I witnessed a car accident today, on my way to pick the big girls up from kindergarten. We usually walk, but today Zoe and I had run an all important errand to Garden Ridge for random decorative crap.
If you’re not from Texas and don’t know what the hell Garden Ridge is, think humongous, unsavory-looking orange warehouse filled to the brim with all things home decor. And scrubs. I have no idea why they carry scrubs, but if you’re in the market, they’re over by the wicker baskets.
I was following a black sedan down a house-lined road with a relatively slow speed limit when a black SUV approached from the opposite direction and went to turn left into a driveway, directly in front of the sedan. Like SO RIGHT IN FRONT OF HER it was obvious she just didn’t see her. The sedan slammed on her brakes, but there was no time. Her front end crunched into the passenger side of the SUV. I pulled over, already reaching for my phone to call 911.
EVERYONE IS OKAY. Thank God. Had the sedan been going faster, or the SUV, who knows how much worse it could have been than a crushed hood and dented side. Fire and EMS were on the scene within minutes, and man, did those people get to work. Much respect.
I learned a few things about myself during the scenario. Not that it’s even about me, because it isn’t, and had everyone not been okay, I’d likely be telling a different story. But as much as we try to prepare, sometimes we never really know how we will react in these situations.
1. I am quick enough to think to call 911 and try to get someone out there. Tell me what to do, and I can follow directions like a boss. I maintained a clear head, dictated our location, the makes of the vehicles, and exactly what was going on, including whether or not anyone was in dire need of medical assistance. And I managed to hold onto the mallowcreme pumpkins I may or may not have been about to pop into my mouth when the accident occurred. So I’m also resourceful?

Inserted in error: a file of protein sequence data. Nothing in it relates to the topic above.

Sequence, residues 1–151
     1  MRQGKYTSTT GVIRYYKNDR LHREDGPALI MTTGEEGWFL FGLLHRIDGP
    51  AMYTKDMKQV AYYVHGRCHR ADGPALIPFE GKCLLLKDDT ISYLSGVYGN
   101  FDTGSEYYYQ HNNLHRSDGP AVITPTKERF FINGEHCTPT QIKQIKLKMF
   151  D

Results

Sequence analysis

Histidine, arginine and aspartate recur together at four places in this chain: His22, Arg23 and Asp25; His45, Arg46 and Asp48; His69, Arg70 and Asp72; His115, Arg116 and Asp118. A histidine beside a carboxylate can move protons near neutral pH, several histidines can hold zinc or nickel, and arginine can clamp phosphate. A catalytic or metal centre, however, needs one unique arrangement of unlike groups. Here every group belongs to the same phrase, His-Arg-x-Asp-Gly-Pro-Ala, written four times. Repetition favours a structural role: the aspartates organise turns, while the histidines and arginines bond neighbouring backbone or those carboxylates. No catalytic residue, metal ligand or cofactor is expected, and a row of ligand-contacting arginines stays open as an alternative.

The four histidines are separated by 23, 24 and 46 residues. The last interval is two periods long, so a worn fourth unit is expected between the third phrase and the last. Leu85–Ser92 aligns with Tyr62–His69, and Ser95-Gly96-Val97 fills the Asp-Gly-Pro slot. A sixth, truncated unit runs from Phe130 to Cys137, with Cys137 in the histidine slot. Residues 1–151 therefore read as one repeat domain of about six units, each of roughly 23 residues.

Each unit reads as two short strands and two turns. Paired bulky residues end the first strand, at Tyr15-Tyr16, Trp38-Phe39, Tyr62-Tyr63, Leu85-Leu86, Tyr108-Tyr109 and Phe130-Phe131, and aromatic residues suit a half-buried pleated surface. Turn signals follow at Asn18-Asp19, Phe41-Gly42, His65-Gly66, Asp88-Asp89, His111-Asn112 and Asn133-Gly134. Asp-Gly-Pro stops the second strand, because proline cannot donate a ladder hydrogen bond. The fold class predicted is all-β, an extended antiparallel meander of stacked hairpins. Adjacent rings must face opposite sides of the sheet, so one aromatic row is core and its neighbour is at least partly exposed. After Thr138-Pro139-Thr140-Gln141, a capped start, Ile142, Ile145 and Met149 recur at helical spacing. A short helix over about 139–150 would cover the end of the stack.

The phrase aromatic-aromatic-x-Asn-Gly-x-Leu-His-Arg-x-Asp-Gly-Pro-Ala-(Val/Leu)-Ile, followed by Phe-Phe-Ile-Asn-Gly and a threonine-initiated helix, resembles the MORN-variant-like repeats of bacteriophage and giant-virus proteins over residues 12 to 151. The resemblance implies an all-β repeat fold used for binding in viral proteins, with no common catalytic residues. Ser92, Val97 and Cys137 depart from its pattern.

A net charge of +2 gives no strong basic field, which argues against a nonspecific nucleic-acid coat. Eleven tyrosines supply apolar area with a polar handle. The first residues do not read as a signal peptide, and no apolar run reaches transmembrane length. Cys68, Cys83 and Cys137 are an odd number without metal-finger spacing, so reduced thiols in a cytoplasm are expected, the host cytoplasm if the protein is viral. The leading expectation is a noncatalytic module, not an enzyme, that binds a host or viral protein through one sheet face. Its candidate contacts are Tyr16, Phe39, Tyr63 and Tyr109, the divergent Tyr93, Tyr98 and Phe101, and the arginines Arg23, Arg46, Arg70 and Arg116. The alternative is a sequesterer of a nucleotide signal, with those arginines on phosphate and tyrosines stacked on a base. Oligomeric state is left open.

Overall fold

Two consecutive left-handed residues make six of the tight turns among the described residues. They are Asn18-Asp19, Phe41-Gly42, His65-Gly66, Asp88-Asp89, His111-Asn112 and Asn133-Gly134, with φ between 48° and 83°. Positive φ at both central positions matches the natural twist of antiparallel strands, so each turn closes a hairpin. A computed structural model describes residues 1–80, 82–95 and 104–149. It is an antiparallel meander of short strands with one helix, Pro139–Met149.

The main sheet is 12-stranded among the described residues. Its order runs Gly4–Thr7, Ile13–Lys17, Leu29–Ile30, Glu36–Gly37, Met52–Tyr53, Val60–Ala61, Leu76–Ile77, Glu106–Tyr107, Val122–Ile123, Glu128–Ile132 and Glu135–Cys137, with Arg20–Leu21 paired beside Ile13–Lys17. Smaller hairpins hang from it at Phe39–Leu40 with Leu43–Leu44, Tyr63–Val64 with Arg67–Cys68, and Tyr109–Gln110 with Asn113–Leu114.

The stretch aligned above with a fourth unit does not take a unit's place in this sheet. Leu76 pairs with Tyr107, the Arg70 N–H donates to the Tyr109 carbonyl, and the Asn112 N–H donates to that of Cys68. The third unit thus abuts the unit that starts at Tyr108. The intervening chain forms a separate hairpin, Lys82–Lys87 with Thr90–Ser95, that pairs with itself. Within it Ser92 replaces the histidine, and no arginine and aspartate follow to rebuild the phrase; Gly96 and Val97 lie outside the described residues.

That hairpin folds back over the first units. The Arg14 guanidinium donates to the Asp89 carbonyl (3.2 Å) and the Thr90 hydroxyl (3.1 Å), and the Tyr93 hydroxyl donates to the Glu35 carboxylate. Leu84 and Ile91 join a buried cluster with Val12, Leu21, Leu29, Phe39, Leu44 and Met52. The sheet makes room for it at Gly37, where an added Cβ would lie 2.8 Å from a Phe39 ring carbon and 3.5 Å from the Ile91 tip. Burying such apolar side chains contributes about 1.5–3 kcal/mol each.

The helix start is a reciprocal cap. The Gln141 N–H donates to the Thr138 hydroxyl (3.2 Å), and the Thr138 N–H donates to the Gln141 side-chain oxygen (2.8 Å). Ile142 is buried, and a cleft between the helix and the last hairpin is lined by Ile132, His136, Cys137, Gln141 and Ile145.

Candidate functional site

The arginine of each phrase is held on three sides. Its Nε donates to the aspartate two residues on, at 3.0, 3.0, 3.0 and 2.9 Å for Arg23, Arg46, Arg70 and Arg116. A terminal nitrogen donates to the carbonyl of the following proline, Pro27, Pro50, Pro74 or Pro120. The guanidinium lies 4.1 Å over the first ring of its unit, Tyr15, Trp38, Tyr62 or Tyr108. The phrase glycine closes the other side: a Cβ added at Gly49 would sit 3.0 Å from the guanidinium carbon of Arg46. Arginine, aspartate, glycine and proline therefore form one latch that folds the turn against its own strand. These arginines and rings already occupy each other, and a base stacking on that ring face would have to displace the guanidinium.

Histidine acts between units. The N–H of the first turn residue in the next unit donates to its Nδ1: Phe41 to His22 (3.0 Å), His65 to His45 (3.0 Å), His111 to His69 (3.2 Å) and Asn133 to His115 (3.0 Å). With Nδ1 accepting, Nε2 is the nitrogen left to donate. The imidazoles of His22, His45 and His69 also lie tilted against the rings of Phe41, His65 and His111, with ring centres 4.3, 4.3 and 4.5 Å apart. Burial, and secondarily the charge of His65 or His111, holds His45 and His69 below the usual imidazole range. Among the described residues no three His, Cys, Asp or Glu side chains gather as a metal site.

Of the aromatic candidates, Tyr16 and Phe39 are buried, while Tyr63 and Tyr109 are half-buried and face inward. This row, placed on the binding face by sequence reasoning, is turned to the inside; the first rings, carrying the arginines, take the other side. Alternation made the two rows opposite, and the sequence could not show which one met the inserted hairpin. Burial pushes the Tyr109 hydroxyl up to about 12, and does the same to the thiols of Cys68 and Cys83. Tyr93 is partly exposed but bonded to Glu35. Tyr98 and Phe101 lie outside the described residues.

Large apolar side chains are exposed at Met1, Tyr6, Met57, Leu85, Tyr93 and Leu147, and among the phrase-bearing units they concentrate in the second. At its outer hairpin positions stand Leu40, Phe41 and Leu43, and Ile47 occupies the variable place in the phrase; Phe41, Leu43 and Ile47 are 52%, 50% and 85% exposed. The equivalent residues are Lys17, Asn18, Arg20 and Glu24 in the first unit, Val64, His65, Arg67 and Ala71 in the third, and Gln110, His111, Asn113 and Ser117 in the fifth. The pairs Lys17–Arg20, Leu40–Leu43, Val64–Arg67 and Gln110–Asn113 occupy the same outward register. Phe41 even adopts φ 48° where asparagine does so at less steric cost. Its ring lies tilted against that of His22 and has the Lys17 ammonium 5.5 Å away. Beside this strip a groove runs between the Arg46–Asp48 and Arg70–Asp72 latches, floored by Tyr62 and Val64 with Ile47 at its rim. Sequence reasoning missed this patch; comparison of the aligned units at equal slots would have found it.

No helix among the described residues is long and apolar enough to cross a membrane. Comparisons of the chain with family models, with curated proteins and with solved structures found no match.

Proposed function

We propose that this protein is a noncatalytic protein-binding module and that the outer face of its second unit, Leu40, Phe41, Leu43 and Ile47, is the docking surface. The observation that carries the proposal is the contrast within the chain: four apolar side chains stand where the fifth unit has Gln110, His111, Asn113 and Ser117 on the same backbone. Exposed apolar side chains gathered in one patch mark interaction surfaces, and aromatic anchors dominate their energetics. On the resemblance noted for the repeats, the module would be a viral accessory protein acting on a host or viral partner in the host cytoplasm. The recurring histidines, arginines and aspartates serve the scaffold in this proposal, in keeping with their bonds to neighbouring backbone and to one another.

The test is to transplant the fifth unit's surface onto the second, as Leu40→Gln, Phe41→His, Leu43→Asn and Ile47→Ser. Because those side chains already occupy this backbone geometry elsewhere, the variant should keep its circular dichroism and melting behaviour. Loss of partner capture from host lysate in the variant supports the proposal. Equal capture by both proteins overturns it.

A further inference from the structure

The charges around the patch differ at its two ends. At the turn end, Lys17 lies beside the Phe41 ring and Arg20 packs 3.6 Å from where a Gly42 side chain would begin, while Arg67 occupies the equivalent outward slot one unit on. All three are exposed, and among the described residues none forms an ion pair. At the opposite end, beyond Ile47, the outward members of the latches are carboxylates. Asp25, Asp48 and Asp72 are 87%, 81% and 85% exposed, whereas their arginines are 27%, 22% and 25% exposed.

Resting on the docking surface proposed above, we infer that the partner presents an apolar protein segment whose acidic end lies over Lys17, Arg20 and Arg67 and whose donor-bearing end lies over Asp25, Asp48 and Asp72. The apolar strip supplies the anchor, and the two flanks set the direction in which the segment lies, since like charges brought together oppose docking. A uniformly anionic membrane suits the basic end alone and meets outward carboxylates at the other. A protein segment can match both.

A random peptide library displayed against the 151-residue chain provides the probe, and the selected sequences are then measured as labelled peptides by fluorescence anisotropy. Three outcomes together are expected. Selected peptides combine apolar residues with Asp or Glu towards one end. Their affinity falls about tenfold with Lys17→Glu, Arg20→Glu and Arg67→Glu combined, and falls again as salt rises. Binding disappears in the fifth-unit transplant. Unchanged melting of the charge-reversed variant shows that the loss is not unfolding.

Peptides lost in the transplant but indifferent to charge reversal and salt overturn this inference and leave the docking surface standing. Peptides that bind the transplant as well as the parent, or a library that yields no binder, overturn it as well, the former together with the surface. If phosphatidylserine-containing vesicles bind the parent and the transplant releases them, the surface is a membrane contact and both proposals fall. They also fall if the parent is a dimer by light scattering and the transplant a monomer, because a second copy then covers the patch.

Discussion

2. I am NOT responsive enough to immediately jump into the scene. As I was on the phone with 911, I could hear the driver of the sedan wailing. The driver of the SUV ran over and helped her out of her car. Turns out she had a little girl, maybe 18 months, strapped into her carseat. Was I hesitant because I saw people already responding? Or was it because I couldn’t think past what I was already doing, which was on the phone and being passed around more times than a doobie at a Phish concert?
Sometimes I am too self absorbed for my own good. I don’t think that I am the “run into a burning building” type. We all play scenarios out in our heads, and we’d like to be the ones who valiantly pull victims from dangerous situations, but in the heat of the moment, I kinda froze. Let’s all hope that a) that status won’t stand when my own children are hurt or in danger; and b) I never have to test that with my own children.
3. I am terrible a cop-speak. I’m all, “She was going that way, she was coming this way, SHE turned in front of HER at the last second, and SHE…” and he’s all, “Who exactly was doing what, and OMG CIVILIAN, YOU ARE KILLING ME.” So I had to stumble through a cop-appropriate version using makes and models and possibly directions. It was rough.
Let me reiterate, everyone was okay, just shaken up. But the scariest part about this accident is how out of your control things can be some times. You can be driving as safely as you can, all eyes on the road, and it won’t necessarily matter. Someone else who isn’t paying attention or just plain didn’t see you can pull out right in front of you. I saw every move of that accident with my own eyes. There was no way the sedan could have avoided hitting the SUV that turned in front of her. It was a good reminder to remain attentive while driving and make sure your kids are appropriately strapped in. I know how easy it is to rush through the strapping and the clicking and the tightening.
And maybe since she was paying attention and not speeding, she was able to keep the damage to a minimum, and she and her little girl got to walk away today.
Have you ever witnessed an accident? What did you do?